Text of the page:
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Crime, Women

Securing women’s lives: new report examines intervention points and perpetrator risk in intimate femicide cases in Australia

Monash University 3 mins read

In Australia, at least one woman a week is murdered by their current or former partner. In the first five months of 2024 alone, an unusually high number of killings allegedly by men’s violence in Australia has reignited national attention over the need to better address women’s risk of fatal violence. 

A new report from Monash University examines judicial sentencing remarks from 235 cases of men who have been convicted in Australia for killing their current or former female intimate partners over a decade. 

The report, Securing women’s lives: Examining system interactions and perpetrator risk in intimate femicide judgments over a decade in Australia, scrutinised judicial understandings of risk and system interactions prior to the intimate femicide in order to build better understandings of early intervention and the prevention of women's deaths in Australia.  

The sentencing judgments were analysed, in part, to identify potential points of intervention that might have provided an opportunity to prevent such killings. The study was undertaken by a team of researchers, including Professors Kate Fitz-Gibbon, Sandra Walklate, JaneMaree Maher, Jude McCulloch and Dr Jasmine McGowan.

Professor Kate Fitz-Gibbon, who led this research, said the study findings indicate that few intimate femicides occur without prior system interaction.

"Our research finds that many of these deaths could have been prevented. The majority of perpetrators featured in these judgments had known histories of violence and in many cases, different points of the system were aware of the violence within the intimate partner relationship,” Professor Fitz-Gibbon said. 

"Our study supports recent calls across Australia for a greater focus on the perpetrators of this violence. All Australian state and territory jurisdictions need to embed effective perpetrator risk identification, assessment and management practices.”

The analysis revealed significant patterns in perpetrator histories prior to committing intimate femicide, both in terms of histories of domestic violence and histories of broader criminal activity. Sixty five per cent of offenders had a prior conviction for a criminal offence and 34 per cent of offenders had a prior conviction for a domestic violence related incident.  

The research also looked at perpetrators’ interactions with other support services. In 53 per cent of intimate femicide sentencing judgments analysed, the judge cited that the perpetrator had a history of alcohol abuse, 41 per cent of offenders had a history of drug abuse and 46 per cent had a history of mental illness.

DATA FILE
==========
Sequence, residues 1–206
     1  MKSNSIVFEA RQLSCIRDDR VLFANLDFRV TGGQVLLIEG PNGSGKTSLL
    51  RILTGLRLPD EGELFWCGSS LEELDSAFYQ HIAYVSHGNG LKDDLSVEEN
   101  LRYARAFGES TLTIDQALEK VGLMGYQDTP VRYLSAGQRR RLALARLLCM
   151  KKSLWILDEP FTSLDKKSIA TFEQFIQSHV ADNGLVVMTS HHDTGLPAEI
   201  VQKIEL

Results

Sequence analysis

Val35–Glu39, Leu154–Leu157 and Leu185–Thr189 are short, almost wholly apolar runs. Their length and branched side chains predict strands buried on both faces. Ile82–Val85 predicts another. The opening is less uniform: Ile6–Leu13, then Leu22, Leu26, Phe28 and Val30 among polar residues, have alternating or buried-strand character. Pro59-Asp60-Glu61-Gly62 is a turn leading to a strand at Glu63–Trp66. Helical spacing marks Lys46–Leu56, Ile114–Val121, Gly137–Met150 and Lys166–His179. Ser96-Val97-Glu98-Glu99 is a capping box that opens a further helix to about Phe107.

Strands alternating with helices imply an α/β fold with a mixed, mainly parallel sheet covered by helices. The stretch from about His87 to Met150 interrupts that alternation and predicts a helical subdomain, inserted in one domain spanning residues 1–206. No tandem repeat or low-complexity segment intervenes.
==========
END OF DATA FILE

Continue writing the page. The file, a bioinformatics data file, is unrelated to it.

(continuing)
“These findings highlight the critical role of other services and intervention points beyond the criminal justice system in preventing intimate partner violence. Preventing escalation of harm and death requires a whole of system effort,” Professor Fitz-Gibbon said. 

The research also found that 10 per cent of offenders were on bail or parole at the time of the intimate femicide. In cases where an offender was on bail at the time of their lethal violence, this was cited as an aggravating factor during the sentencing process – particularly where the bail conditions had been put in place specifically to secure improved safety for the victim. 

Professor Sandra Walklate, the international partner investigator on this project from University of Liverpool (UK), commented: 

“These findings have international ramifications. They encourage a more holistic approach to early intervention, which focuses on what systems already know about men’s violence. Without this little will change,” she said.

The analysis also found that in 29 per cent of the cases the offender had experienced intergenerational violence. This is a relatively unexplored factor in research on men’s use of fatal intimate partner violence. 

"Understanding the life histories and trauma backgrounds of men who commit intimate femicide is critical as it assists us to better understand earlier points of intervention, and ultimately prevention of lethal violence," Professor Fitz-Gibbon said. 

The findings in this study build on the important work undertaken by the- Australian domestic and family violence death review network, as well as state and territory death review teams, by contributing new evidence to inform effective prevention of intimate partner violence and femicide.

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Media Enquiries:

Professor Kate Fitz-Gibbon

Report lead author

T: +61 412 339 243



Kim Loudon

Monash University Communications Manager

T: +61 458 281 704



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